But I disagree with splitting risk into two different meanings and then penalizing a value strategy for limiting the downside potential of a permanent loss of capital. Zeke already included a REWARD column in his table. I don't think it's necessary mix the semantics. Or should we lower the Rule Breaker REWARD to account for increased RISK?

Best regards and thanks for your reply,

-Rubic
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Hey Rubic,

Thanks for the feedback. I'd be happy to respond to your nits.

Nit 1: For all of the strategies, I ranked the time / effort column as that for the average investor using those strategies. There are a lot of people who spend a tremendous amount of time on mechanical strategies, I know (especially the people who actually
backtest the things in the first place!) Come to think of it, I know people who do nothing but trade the QQQ's all day long! But that's not the norm. I ranked the methods of Foolish investing by how much time and effort is generally required by the average Fool. If I tried to consider the entire gamut of personalities using all of these methods, I'd have to classify them all as varies.

Personally, I began mechanical investing by printing out the strategies and archives from the Fool, spent the weekend reading, and then committed to one. Since then, I just swap the stocks every year when called for. This is probably how most people use the mechanical strategies. The big benefit of mechanical investing, in my opinion, is that once you've made the decision about which strategy to go with, the time investment to maintain the investment is small.



Nit 2: You jumped the gun on me a little here, as I haven't got Part Two out there yet. But here's what I'll say: The reason that I consider the risk of the value investor, taking the Boring Portfolio and Warren Buffett as role models, is that these sample portfolios are concentrated. We're talking about entire portfolios of as few as three stocks here. Despite the fact that value investing involves trying to purchase good companies at a big discount to their intrinsic value, when you're running a five stock portfolio, you're going to be taking on big time risk. Even Warren Buffett had a rough year in '99 due to the concentration of his portfolio. He wouldn't have had a rough year if he was running 100 stocks. But he also wouldn't have a 30 year record of 23% average compounded growth if he was running 100 stocks, either. You simply have a lot less room for error in your portfolio with so few stocks.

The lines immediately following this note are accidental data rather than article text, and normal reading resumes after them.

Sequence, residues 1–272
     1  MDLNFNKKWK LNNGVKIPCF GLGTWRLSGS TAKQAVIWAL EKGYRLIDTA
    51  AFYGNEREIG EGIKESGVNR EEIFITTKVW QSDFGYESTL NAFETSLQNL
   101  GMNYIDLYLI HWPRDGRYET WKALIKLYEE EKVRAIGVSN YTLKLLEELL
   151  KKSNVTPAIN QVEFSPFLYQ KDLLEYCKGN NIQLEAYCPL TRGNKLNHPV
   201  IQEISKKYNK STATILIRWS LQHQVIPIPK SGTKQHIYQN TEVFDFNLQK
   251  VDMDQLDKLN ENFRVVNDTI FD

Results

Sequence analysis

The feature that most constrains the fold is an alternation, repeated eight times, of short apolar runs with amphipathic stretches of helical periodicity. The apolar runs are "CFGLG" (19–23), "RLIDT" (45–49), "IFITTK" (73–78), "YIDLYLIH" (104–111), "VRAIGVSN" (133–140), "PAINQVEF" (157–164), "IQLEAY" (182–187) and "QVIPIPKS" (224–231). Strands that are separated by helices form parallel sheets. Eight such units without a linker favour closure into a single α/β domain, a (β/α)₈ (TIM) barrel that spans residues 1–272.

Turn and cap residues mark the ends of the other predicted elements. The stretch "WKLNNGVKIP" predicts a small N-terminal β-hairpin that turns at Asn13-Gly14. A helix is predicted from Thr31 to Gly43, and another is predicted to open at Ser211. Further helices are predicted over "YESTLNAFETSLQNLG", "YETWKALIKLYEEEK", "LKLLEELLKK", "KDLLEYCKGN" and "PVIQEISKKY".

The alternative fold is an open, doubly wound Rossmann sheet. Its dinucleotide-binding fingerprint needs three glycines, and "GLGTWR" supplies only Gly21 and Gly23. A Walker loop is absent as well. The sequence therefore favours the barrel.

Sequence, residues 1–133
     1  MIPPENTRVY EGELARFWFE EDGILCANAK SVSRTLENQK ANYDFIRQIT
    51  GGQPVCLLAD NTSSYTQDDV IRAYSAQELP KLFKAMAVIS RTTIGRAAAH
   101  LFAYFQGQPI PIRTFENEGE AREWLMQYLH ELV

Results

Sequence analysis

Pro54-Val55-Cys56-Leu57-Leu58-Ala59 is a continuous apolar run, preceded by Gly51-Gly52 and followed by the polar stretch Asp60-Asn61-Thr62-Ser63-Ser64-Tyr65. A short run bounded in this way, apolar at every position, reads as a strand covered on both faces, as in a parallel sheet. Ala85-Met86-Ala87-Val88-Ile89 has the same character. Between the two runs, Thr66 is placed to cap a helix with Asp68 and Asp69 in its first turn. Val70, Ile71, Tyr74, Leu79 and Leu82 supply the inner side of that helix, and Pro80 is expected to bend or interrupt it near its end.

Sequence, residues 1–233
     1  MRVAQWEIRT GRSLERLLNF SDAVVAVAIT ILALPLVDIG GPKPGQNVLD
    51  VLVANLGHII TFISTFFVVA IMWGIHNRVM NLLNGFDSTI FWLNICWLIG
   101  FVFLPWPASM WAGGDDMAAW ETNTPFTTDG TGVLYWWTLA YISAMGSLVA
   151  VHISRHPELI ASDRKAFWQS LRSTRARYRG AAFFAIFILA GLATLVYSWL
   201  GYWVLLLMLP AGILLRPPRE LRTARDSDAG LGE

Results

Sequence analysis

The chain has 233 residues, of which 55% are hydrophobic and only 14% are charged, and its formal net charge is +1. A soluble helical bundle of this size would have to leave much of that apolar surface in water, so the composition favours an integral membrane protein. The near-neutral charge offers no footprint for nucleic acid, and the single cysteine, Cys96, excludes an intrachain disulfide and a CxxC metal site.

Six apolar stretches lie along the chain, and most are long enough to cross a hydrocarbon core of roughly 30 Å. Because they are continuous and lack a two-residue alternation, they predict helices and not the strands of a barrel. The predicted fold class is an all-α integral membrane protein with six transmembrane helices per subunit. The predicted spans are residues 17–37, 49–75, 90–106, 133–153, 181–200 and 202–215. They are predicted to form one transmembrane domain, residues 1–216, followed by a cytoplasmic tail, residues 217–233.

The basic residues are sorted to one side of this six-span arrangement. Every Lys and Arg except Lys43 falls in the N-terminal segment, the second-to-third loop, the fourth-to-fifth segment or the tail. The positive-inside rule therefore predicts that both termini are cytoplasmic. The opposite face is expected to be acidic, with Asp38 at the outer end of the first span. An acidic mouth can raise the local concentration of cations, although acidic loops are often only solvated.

I gave Rule Maker a Low / Mid rating primarily depending upon how many stocks there are. If you've got five stocks, you're taking more risk than if you've got ten. Again, I'll be mentioning this in Part Two on Monday.

That's my rationale for my ratings. Thanks for your nits.


Zeke
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Nit 2: You jumped the gun on me a little here, as I haven't got Part Two out there yet. But here's what I'll say: The reason that I consider the risk of the value investor, taking the Boring Portfolio and Warren Buffett as role models, is that these sample portfolios are concentrated.

Good point. If you're talking about a tightly focused value portfolio, then I'd agree the risk could be higher.

Thanks for responding. I'm looking forward to your next article.

-Rubic